Security firm tests FBI limits with e-mail surveillance tool

WASHINGTON (AP) — A security company has designed an open and free alternative to the FBI’s Carnivore e-mail surveillance tool that it hopes will provide a more palatable choice to wary Internet service providers and privacy advocates.

WASHINGTON (AP) — A security company has designed an open and free alternative to the FBI’s Carnivore e-mail surveillance tool that it hopes will provide a more palatable choice to wary Internet service providers and privacy advocates.

NetworkICE, a San Mateo, California-based computer security firm that makes software to protect computers from hackers, designed Altivore, which can be downloaded free from the company’s Web site.

“We wrote Altivore to correspond exactly to what the FBI says what Carnivore does,” said Robert Graham, chief technology officer and co-founder of NetworkICE.

Carnivore checks incoming and outgoing e-mail at an Internet service to search for messages meant for a specific suspect. With the addresses of those messages, police can see whom the suspect is conversing with and may be able to gain enough information about a possible crime to get permission to do a more thorough search.

In congressional testimony, the FBI has said that many small Internet providers don’t have the expertise or financial means to provide authorities with the information they want — not too little, not too much, just the data required by a court order.

That’s when they turn to Carnivore, which critics contend is a mysterious “black box” that gives the FBI too much power over a private company’s network.

Enter Altivore. Altivore is open source, so its inner workings are open to the public, in plain sight on its Web site, and network engineers can see exactly what it’s going to do.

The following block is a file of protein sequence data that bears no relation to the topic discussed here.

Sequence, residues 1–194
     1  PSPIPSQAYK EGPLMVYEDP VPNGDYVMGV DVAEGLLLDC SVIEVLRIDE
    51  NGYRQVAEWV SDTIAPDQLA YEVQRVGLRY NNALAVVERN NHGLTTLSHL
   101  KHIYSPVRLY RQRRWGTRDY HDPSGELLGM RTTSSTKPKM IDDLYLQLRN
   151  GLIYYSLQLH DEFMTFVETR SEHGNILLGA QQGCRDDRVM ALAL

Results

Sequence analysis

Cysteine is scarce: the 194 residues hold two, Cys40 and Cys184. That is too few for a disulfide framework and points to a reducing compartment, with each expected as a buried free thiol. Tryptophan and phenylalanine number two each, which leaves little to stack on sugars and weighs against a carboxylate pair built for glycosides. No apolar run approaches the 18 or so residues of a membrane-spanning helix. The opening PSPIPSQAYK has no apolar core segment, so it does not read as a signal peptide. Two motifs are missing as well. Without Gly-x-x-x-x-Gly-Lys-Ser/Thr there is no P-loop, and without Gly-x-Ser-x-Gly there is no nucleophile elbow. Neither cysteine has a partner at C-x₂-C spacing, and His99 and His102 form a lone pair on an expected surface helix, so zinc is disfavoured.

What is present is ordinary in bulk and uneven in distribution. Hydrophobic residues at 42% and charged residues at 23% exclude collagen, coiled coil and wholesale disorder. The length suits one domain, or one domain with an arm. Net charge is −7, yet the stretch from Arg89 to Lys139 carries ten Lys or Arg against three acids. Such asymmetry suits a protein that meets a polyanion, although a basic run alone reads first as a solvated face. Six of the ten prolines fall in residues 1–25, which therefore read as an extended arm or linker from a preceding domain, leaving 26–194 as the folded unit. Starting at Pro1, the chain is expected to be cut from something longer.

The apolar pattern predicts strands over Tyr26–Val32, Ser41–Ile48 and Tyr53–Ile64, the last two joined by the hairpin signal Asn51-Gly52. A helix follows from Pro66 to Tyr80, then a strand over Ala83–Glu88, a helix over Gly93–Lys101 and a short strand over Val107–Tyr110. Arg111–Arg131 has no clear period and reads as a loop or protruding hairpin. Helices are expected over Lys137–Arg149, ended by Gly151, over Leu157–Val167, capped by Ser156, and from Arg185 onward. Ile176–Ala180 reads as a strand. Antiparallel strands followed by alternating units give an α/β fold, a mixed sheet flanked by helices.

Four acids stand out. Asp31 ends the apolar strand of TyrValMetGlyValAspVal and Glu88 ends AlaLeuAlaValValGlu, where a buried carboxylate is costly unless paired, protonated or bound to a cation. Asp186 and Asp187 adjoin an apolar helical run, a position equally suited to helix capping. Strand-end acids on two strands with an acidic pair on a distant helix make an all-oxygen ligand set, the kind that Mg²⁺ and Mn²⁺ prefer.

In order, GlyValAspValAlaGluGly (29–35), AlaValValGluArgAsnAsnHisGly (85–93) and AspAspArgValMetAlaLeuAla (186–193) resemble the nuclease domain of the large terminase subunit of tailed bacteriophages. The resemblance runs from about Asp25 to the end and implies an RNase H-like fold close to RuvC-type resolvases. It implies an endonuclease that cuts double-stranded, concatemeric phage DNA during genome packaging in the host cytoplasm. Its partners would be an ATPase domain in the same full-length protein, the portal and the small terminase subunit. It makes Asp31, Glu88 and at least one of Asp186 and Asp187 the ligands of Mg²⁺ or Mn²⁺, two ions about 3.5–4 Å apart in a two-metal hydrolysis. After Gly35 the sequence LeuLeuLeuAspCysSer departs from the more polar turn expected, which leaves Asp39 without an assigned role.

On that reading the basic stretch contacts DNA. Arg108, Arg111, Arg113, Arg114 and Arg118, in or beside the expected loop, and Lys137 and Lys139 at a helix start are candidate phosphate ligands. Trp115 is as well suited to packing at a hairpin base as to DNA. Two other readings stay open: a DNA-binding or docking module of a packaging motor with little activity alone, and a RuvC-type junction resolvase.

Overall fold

While the FBI refuses to comment on specific products, spokeswoman Chris Watney confirmed that the information is all the bureau is interested in. How they get it, as long as it’s legal and complete, doesn’t matter, she said.

The tool, which took Graham and his team about three days to write, is largely a stripped-down version of some of NetworkICE’s other products, which do similar monitoring activities.

Whereas Carnivore comes in its own desktop computer, partially for security reasons, Altivore can be carried in a shirt pocket on a floppy disk.

Civil liberties groups have tried to get the FBI to release the inner workings of Carnivore, but the FBI has refused, partially on grounds that it might show criminals how to circumvent the tool. With his code open, Graham realizes that hackers may be able to do the same with Altivore and even the tool it’s modeled after.

“On one hand, we’re trying to provide a serious alternative to an ISP. Secondly, we’re making a statement, saying there’s some severe problems with Carnivore,” he said.

To illustrate that the tool is for real, Graham said his company has received inquiries from a large Internet provider, which he refused to name beyond saying that it’s run by a large telephone company.

Graham hopes that making the technology less of a mystery will cause everyone to focus more on the privacy and legality questions about Carnivore, which Congress has been attempting to deal with through legislation.

“We founded this company in order to protect peoples’ privacy,” Graham said. “By showing the source code for Altivore, we’re narrowing the debate to the true issues.”

Author: The Associated Press

News Service: cnn.com

URL: http://www.cnn.com/2000/TECH/computing/09/19/email.surveillance.ap/index.html